Where does the tradition of breaking a wishbone come from? Believe it or not, the superstition has roots in ancient Italy, where chickens were thought to have special divination powers.
Since the American Thanksgiving is specific to the United States, it wouldn’t be unreasonable to assume traditions and superstitions related to the holiday are no older than the nation itself.
Though settlers arrived and feasted in 1621, even the earliest Americans were influenced before relocating by cultural traditions passed down for centuries, having evolved over time.
Which bring us to the wishbone superstition: Why on earth do we break wishbones?
The tradition goes like this: two people take hold of the turkey’s wishbone, or furcula, a bone that connects head with neck (similar to a collar bone). They make a wish, and pull until it breaks; the person left with the larger half will have their wish come true.
An age old practice
As a tradition, making wishes off a bird’s furcula actually dates back to the ancient Italian civilization called the Etruscans, who passed on their tradition to the Romans, who in turn passed it to the English, who brought it to America (along with some horrible diseases).
The Etruscans believed that chickens had predictive powers. According to one essay, women could choose husbands by allowing the bird to peck at corn scattered on an alphabet chart, similar to a Ouija board.[contextly_auto_sidebar]
Mental Floss describes this ritual as alectryomancy or “rooster divination,” which scribes and local priests would interpret to solve pressing issues or catch thieves. Because who better to trust with the fate of your city than a bird?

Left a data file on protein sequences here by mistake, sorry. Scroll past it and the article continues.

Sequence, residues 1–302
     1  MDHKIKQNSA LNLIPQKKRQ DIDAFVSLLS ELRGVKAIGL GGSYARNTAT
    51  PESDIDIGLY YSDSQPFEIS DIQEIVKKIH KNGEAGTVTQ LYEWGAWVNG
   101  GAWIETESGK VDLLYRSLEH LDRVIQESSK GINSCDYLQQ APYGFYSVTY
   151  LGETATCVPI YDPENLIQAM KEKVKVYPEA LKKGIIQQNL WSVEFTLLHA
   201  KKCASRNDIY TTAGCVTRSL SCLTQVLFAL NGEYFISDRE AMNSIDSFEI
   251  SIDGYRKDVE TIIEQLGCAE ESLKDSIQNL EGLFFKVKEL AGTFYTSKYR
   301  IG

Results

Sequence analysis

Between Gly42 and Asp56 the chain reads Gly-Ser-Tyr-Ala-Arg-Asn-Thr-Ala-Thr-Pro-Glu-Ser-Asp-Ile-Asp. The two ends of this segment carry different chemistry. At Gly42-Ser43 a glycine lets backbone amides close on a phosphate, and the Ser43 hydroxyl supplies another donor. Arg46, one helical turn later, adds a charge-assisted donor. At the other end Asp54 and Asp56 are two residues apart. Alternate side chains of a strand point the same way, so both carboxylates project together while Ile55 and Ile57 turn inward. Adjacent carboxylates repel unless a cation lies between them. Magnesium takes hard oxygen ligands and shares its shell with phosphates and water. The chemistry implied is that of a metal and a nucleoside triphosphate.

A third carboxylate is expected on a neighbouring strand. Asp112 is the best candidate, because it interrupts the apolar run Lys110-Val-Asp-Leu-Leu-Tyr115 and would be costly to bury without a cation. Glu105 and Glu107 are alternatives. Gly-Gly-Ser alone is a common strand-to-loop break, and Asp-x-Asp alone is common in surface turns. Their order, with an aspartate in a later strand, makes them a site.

According to one divination glossary, the practice would happen when the sun and moon were in Leo or Aries, though sources vary on the preferred bird — some say a black hen, others say a young white rooster.
After the priests’ interpretation, the bird would be killed, with the furcula left to dry in the sun. An Etruscan hoping to benefit from the magic bird’s leftover powers could pick the bone up, stroke it, and make a wish, according to the book The Extraordinary Origins of Everyday Things.
Why was this bone alone so special? Everyday Things suggests it’s because the V shape resembles the human crotch, and was therefore a symbol of the “repository of life.”
From the Etruscans, to the Romans, to the British, to the Americas
It wasn’t until the Romans adopted the superstition that the wishbone would be ritually broken, which stemmed from a simple case of supply and demand: there weren’t enough bones for everyone to wish on, leading to the tug-of-war gesture we are now familiar with.
By the time it reached England, it had become a mealtime tradition to break wishbones.
After the first Thanksgiving in the New World, when settlers discovered a land ripe with wild fowl (and thus, ample furculas), the practice became a celebratory one that has been carried throughout the years: from the chicken worshipers in ancient Italy all the way to today’s football-worshiping Americans.